Elite schools in China aim to educate citizens fit for the 21st Century – competitive, competent and creative people with good cooperative skills and an international outlook. The adaptation of new progressive pedagogies that are used in combination with more traditional modes of discipline and learning, vary across institutions. Moreover, the current education system epitomizes the competitive spirit that has come to form a backdrop for everyday moral experiences and aspirations in contemporary China. Children work under high pressure to compete for access to the best educational tracks, which, it is hoped, will lead to socioeconomic mobility. At the same time, imported Euro-American pedagogies that emphasize free expression, self-discovery, creativity and deep learning, have been adapted to varying degrees. Finally, there is an increased emphasis on cooperative skills, sharing and helping others. The explicit teaching of these skills is part of the effort to resolve the “moral panic” of raising generations of selfish, pampered and egotistic only children, that has preoccupied parents and educators since the launching of the one child policy.

The three publications highlighted here explore the patterns of competition and morality that children develop in this transitional context. I have compared two schools in Nanjing, an urban ‘elite school’ that emphasizes competition and explicit moral education, and a semi-rural ‘average school’ that has less explicit instruction in moral values and norms, less emphasis on competition, and more free time for children to cooperate with each other without adult direction. The comparison revealed interesting differences, as well as shared aspects, in the following areas that were reported in the three recently published papers:

  • Cooperative skills. Children from the average school were more skilled in organizing joint activities and resolving conflicts without adult intervention. (Kajanus 2018) In my role as a sports instructor, I introduced a novel ball game in both schools. Two teams played against each other, in a manner that required both competitive motivation and cooperative skills. I found that when given the responsibility to manage the game without adult intervention, the elite school children struggled to enforce rules and to resolve conflicts. In the average school, children enjoyed the competition, but prioritized the smooth running of the game over winning or strictly enforcing rules. They also actively involved team members of varying abilities, thus making the game more engaging and enjoyable to all. I concluded that the overwhelming adult direction and management of the elite school children hinders the development of subtle skills of cooperation.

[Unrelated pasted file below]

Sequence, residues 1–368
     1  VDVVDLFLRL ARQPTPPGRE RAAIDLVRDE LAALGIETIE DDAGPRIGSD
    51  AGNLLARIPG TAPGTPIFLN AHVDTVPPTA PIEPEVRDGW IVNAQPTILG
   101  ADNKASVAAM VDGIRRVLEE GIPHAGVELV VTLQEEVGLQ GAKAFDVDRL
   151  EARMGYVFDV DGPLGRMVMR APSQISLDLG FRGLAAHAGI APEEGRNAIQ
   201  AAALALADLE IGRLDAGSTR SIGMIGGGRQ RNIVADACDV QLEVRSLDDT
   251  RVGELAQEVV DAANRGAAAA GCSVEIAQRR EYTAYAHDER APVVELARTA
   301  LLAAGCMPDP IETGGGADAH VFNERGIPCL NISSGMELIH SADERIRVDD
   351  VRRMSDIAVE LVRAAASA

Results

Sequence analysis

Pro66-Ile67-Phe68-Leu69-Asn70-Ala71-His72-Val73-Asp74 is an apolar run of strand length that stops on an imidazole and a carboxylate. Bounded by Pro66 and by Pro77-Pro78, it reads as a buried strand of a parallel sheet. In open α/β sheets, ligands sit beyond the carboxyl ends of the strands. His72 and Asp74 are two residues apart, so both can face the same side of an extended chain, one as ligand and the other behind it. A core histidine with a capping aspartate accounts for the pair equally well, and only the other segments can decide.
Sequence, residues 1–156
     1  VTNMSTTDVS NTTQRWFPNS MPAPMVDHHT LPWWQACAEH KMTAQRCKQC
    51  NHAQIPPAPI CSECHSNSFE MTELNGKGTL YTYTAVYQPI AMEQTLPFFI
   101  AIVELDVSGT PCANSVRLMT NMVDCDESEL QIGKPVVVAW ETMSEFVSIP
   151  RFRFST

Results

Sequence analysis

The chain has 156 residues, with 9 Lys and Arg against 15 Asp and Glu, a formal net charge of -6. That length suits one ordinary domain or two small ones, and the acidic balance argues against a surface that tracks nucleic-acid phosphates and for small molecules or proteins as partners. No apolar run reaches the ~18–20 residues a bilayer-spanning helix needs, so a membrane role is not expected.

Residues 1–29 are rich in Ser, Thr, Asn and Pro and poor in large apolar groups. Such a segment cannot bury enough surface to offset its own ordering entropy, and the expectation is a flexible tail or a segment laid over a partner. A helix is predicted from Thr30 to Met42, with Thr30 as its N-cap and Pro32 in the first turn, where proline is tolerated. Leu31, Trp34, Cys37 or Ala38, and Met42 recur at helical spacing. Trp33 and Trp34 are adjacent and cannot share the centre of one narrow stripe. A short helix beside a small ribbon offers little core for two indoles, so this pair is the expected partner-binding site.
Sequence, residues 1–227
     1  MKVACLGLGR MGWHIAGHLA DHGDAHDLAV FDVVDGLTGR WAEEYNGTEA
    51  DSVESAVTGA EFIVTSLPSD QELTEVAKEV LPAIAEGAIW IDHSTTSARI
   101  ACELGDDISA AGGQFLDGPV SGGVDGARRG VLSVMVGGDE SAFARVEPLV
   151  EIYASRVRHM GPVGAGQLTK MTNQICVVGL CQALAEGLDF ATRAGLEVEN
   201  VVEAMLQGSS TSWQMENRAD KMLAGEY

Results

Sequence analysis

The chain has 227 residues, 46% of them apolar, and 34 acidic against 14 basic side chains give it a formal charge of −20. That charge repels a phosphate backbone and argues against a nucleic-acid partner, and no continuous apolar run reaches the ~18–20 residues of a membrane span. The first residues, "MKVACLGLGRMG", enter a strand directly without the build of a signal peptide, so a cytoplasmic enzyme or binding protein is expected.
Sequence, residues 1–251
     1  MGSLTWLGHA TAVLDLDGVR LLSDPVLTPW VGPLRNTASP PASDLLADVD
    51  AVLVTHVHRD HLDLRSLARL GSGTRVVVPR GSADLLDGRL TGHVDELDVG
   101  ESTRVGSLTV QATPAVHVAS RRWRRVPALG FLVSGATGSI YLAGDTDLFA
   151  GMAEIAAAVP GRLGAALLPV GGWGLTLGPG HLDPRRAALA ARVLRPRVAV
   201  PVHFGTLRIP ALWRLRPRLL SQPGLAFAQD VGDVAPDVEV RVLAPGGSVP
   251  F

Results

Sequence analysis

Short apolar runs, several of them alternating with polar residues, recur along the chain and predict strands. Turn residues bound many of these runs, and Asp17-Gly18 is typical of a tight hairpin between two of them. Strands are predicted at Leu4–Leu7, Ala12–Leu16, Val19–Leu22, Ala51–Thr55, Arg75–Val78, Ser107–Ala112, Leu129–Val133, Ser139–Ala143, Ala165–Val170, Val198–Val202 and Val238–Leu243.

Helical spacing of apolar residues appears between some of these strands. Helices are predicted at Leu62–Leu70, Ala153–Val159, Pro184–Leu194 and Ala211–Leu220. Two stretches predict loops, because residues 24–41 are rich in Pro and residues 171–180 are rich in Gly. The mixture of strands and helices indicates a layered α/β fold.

• Competitive motivation. I explored children’s competitive motivation in more detail through a formal running experiment, in which children run on their own (non-competitive condition) and against a partner (competitive condition) (Kajanus 2019). The improvement of speed in the pair run is taken as a measure of competitive motivation. Even though children in the two schools were equally competitive, the elite school children’s motivation was more tied to the result of competition, that is, they enjoyed competitions if they won, but were not motivated to compete if they did not do well. At the average school children’s competitive motivation was not tied to winning to same extent. They were also motivated by the excitement and the communal atmosphere, and emphasized the benefits competition has through improving performance even when not winning.
  • Fairness. I collaborated with developmental psychologists Peter Blake, Katherine McAuliffe and Felix Warneken, to test children’s fairness behaviours through an experiment on inequity aversion (Kajanus, et al. 2019). Children played with a partner, making decisions of either accepting or rejecting distributions of sweets that were equal, advantageously unequal (getting more sweets than their partner), or disadvantageously unequal (getting less sweets than their partner). Children in both schools rejected both types of inequality, which was interesting in the light of previous studies that have shown that children in several societies accept advantage, while rejecting disadvantage (Blake, McAuliffe, et al. 2015). A detailed analysis of our findings also supported the conclusion that despite the similar results across the schools, the differences in these learning environments also had an impact on the children. Our findings suggested that at the elite school, children fell back on explicit moral norms learned from adults, while at the average school, their norms of fairness were more internalized through extensive participation in communal activities.

LogoAll three papers are based on research that brings together methods and approaches from social anthropology and developmental psychology. At the time of my ethnographic fieldwork (2014-2015), the children were 8 to 9 years old. I spent 10 months observing the everyday life of one 2nd grade classroom in each school, while living in the two communities and spending time with the children and their families also outside school. I later returned to the schools and the communities for several shorter visits (from 3 weeks to 2 months) to carry out experiments designed to address particular questions that had emerged form the ethnographic fieldwork. Originally an anthropologist by training, I have later also been trained in experimental methods. With my collaborators in the fields of developmental and cognitive psychology, we have shared a motivation to study child development in a culturally grounded way, and recently, this has led to us launching Culture & Ontogeny Research Initiative (CORI). https://sites.lsa.umich.edu/cori/(Facebook: fb.me/CORIteam  Twitter: @CORI_team)